Generating Revenue Online: International Sales

By Kenneth Locker (French)

The global media industry is in the midst of a major transition as it seeks to reinvent itself in the wake of a dramatic increase in the number of new technology platforms that are enthusiastically embraced by consumers. It is vital that television producers not only create cross-platform extensions of their programs, but do it in such a way that they can easily be included as part of the foreign broadcast license. Below some insight about how producers can better understand and prepare for international multi-platform distribution.

Understand regional differences and opportunities

Virtually all broadcasters have some sort of web portal. Sites such as the BBC, TF1 (France), TVE (Spain), RTL (Germany) have robust websites with diversified content and generate millions of unique visits per month. The ultimate opportunity here is that in a very uncertain global economic environment, anything that differentiates content is valuable and having a strong web component could be a key determining factor in making a TV sale to a broadcaster.

Larger broadcasters that have interactive departments can work with the content integrating it into the larger portal. Smaller broadcasters that have limited resources will expect the content owner to do most of the work.

What to consider during development to keep interactive components viable in all markets

It is important that the initial design of the web property take into consideration localization. An easy-to-use comprehensive localization kit is imperative. Basically the kit deconstructs the site into its core elements. This will include a series of templates that include a spread sheet with each line of text broken out into its own cell, each of the graphics separated into Photoshop files so that any embedded images can be adapted to local needs and any other graphical or text element presented in a way that specific elements can be changed according to specific local requirements. This will make the project more attractive and cost effective for foreign partners.

Also producing the project so that it can be integrated into an “I-frame” environment is important. An I-Frame (from Inline Frame) is an HTML element which makes it possible to embed an HTML document inside another HTML document. This allows the broadcaster to easily integrate it into their portals. If clips are used, it is important to make sure that all the rights are cleared for the music and other sounds and voices and any actors that may be used.

Viable usage models: Multiplayer Games, Virtual Worlds, Social Networking

The challenge for broadcasters is that, particularly for younger audiences, TV is becoming the new radio. The PC is rapidly becoming their entertainment platform of choice and the broadcasters are challenged in both trying to capture and retain their audiences as well as monetize them.

We have found broadcasters very interested in adding large scale websites that supplement their programming. Casual games, multiplayer games, immersive virtual worlds and social networks are the most desirable. They encourage repeat long-term visits and if they are effectively connected to the TV show, it will drive on air viewership.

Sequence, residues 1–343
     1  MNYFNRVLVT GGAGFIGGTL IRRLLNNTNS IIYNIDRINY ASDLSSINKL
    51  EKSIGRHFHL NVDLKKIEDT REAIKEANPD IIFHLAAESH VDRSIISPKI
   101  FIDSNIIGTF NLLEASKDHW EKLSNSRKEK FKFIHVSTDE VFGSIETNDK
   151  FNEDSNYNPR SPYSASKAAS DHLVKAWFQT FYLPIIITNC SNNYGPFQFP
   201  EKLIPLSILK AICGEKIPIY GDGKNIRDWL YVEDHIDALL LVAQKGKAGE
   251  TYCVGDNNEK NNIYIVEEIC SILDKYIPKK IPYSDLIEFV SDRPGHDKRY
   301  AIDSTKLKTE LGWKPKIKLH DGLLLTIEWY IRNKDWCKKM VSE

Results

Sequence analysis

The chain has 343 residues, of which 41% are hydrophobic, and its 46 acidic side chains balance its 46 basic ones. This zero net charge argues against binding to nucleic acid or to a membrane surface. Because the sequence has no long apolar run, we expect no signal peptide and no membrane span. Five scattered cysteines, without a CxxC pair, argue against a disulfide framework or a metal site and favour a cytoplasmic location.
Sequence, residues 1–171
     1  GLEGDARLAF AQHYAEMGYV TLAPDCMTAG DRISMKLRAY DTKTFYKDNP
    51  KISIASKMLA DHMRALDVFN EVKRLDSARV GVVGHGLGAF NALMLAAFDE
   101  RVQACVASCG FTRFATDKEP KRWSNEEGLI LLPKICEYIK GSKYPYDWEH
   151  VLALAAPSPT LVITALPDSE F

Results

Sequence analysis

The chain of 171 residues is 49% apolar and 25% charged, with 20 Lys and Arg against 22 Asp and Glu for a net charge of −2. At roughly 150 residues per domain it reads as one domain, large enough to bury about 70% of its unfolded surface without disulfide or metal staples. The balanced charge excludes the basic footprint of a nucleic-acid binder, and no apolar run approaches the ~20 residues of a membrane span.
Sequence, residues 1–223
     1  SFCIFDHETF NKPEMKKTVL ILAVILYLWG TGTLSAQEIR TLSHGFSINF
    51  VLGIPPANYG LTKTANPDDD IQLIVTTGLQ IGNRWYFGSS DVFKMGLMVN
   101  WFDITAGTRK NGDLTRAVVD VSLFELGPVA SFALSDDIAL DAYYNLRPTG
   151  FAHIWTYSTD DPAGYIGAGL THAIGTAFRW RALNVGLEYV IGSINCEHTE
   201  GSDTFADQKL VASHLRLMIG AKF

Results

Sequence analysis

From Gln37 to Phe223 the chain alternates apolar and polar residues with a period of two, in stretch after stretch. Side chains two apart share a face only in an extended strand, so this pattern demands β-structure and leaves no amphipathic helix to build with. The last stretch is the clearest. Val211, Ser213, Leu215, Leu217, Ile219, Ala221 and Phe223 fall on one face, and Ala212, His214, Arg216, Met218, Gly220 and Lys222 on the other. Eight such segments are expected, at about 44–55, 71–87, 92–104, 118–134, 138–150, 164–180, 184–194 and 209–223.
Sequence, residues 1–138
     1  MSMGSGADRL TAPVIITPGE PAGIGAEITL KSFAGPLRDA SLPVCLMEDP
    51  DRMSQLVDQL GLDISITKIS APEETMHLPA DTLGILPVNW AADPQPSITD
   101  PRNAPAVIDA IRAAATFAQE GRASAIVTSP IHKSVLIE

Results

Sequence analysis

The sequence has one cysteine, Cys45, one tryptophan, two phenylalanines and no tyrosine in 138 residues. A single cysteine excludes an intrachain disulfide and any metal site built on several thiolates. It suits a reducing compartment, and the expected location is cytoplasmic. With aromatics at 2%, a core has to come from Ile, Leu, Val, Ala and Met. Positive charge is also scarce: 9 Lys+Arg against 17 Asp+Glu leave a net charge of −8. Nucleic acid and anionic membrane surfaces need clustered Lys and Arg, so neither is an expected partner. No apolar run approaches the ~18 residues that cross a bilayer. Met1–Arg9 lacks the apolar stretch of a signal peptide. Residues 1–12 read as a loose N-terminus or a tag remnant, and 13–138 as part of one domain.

In the children’s arena, which is the core of Cookie Jar’s business, the developer must adhere to the guidelines of both COPPA and CARU (see definitions below). These government sanctioned oversight organizations provide usage rules as to how much personal information can be elicited from a child and where and how advertisers can promote their products. Most countries have some form of government oversight for children’s online content. Obviously this is something that has to be considered during the development phase.

Viable business models

The reality is that, as of September, 2008, many preconceived notions of new media business models evaporated with the implosion of the global capital markets. It remains to be seen what the ultimate impact of this will be and in what time frame and what form the recovery will take place. As consumers have less disposable income they spend less on goods and services and therefore it is inefficient for advertisers to spend money advertising for things people can’t buy. Historically entertainment has been reasonably recession proof; it has represented a good value in terms of expenditure.

In the past there have been three basic business models that we (i.e. Cookie Jar) have used:

  1. Not break out the web component as a separate element but include it as part of the overall TV license agreement and add a ‘premium’ to the license agreement (e.g. an additional $500 per episode). This is often more palatable to broadcasters as they may not have a separate new media budget.
  2. The second model that has been successful is for the license fee for the new media component to be equal to the license fee of a single episode. That is, a license fee is paid and it ultimately has to be negotiated on a case-by-case basis as to what is provided. The producer has to analyze the value of each territory in terms of the overall economical potential of the site. Obviously these fees vary but it could be anywhere from $500 to $10,000 per territory (N.B. these are prices that were viable prior to the current economic crisis). It may take successful sales in several territories for the web component to recoup its cost. This model makes sense for larger complex sites such as immersive worlds or multiplayer games where there is the potential of a business model that may generate some revenue.